Sex Work

'Biggest Sex Trafficking Bust Ever For McLennan County' Texas Mostly Snared Adult Sex Workers

"Putting criminals in jail is our favorite pastime," says Texas sheriff.

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MCSO/Facebook

The headline from a South Texas ABC affiliate KIII-TV: "56 Arrests, More To Come In Biggest Sex Trafficking Bust Ever For McLennan County Sheriff's Office" (MCSO).  

The details: "Most were adult women, 18-50," who were working as sex workers and arrested for prostitution, or people seeking to pay for sex. McLennan County Sheriff's Office deputies, some working undercover, were assisted by an anti-sex-trafficking organization and the Department of Homeland Security. The sheriff's office brought 89 charges so far and seized $4,500 from those arrested. 

Yes, the federal agency tasked with national security, people claiming to help those forced into prostitution, and undercover detectives teamed up to arrest a bunch of adult women for getting paid to have sex and take their money.

I don't even know what to say anymore at this point. But there you have it: one more example of our efforts against "modern slavery" at work. 

"If we can save an individual, that's part of our goal, not just to throw people in jail," McLennan Sheriff Parnell McNamara said at a press conference. "However, make no mistake, putting criminals in jail is our favorite pastime." 

This was the MCSO's fifth prostitution sting operation in the past year-and-a-half, according to KIII-TV. "The first sting had 20 arrests, the second had 29, the third had 44, the fourth had 49, and the fifth will have 61 once all five people with outstanding warrants are caught." 

While claiming that the women arrested were forced into prostitution, MCSO also put their mugshots up in a Facebook album. 

"Detectives posed as both prostitutes and 'Johns' throughout the investigation," explains the sheriff's office Facebook page. "As a result of this operation detectives created 62 cases, resulting in 61 arrests, and a total of 89 charges. They have identified 5 cases which will be worked in conjunction with Homeland Security for possible federal prosecution. They were able to locate and arrest or issue warrants for 11 individuals who assist in the management of prostitution, commonly referred to as pimps. As a result of the investigation approximately $4,500 in U.S. Currency was seized, along with quantities of illegal narcotics. Over the last 19 months these detectives have initiated a total of 200 cases, showing this community that this form of modern day slavery is in our back yard."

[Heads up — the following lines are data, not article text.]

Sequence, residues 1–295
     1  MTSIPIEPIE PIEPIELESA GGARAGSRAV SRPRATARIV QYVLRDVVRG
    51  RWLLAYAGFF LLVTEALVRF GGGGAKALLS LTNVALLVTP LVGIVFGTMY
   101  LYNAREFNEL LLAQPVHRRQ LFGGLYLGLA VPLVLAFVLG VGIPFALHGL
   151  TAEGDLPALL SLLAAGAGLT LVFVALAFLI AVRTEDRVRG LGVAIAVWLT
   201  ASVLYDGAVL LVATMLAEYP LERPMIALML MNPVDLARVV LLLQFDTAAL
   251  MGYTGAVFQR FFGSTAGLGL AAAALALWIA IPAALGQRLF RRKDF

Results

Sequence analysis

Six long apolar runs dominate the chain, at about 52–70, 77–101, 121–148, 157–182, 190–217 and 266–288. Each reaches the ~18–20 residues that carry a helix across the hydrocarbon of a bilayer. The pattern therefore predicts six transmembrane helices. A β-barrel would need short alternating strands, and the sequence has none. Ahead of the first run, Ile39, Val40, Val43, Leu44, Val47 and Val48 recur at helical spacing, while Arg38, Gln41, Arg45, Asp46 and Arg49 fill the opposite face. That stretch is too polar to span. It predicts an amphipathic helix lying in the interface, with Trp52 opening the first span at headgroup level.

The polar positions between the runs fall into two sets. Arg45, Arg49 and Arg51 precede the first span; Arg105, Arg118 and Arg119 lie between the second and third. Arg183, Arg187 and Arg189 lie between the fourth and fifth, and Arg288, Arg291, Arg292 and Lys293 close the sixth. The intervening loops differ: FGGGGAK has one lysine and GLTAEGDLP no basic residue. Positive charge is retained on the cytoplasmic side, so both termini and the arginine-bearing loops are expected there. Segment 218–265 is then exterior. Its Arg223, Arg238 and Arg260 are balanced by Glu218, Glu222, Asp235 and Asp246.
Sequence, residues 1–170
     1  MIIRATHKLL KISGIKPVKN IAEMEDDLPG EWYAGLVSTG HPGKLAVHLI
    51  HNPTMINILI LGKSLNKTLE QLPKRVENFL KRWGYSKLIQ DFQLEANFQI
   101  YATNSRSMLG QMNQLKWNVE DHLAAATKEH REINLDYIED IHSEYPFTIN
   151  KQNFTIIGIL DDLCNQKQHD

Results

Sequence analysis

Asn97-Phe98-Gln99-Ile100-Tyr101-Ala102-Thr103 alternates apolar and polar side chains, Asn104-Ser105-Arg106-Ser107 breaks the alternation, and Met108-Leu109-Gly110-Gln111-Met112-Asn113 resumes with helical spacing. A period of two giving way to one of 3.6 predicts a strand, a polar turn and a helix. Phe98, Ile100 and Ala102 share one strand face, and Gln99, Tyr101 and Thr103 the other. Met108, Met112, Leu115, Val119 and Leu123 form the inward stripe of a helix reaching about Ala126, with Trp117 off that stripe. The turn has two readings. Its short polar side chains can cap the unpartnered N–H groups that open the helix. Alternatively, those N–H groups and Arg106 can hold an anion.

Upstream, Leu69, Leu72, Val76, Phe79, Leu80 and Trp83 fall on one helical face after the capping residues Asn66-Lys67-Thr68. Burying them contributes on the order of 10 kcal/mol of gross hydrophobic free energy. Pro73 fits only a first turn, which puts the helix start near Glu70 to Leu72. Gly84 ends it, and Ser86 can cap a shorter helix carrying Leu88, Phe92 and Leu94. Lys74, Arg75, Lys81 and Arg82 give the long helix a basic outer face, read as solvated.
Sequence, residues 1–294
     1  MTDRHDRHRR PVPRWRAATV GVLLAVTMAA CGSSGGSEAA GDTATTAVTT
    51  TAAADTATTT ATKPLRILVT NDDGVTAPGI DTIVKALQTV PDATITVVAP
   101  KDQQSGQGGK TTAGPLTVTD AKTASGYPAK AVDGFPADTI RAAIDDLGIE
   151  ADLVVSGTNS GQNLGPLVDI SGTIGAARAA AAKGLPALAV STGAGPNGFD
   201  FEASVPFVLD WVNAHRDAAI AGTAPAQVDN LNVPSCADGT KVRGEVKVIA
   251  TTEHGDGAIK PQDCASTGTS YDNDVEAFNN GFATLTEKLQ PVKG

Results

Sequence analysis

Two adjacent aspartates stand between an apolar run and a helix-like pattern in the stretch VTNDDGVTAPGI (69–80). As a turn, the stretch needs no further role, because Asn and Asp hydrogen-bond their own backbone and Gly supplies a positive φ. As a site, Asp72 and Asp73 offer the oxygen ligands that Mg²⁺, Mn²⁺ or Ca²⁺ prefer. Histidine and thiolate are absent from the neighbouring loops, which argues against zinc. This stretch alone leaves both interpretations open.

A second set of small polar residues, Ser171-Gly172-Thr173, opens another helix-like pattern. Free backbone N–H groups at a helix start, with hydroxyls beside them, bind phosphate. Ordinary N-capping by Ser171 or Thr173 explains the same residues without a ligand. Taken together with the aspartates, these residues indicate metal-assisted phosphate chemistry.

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  1. How many times did the officers rape engage in sexual activities with the sex traffickers sex workers sex traffickers in order to gather evidence?

  2. Ok, here’s an idea for a Mother Jones / Frontline style investigative report. Gather all of the statements officials are making about “modern day slavery” and “forced into prostitution”, etc.

    Then go out and contact every one of the 61 people targeted in this sting. Get interviews about their sex work, any coercion involved, their perceptions of force, the money that was seized, etc.

    In addition to loads of “I’m just trying to earn a living” stories, you’ll probably find a couple of heart-rending stories of single moms who had $350 taken from them that they really needed to take care of their 2 little kids. Out of 40 women working in the sex trade, there has to be a couple of great human interest stories. It would make a great juxtaposition for a video documentary – the Sheriff or FBI spokesman bragging about how they have “saved these women” and then smash-cut to the woman in a trailer home talking about how they took her kids and how she’s having to fight for her family, but she can’t afford a lawyer.

    It kinda writes itself. Back and forth between anti-prostitution zealot and poor single mom who had no problem with her choices and lost everything.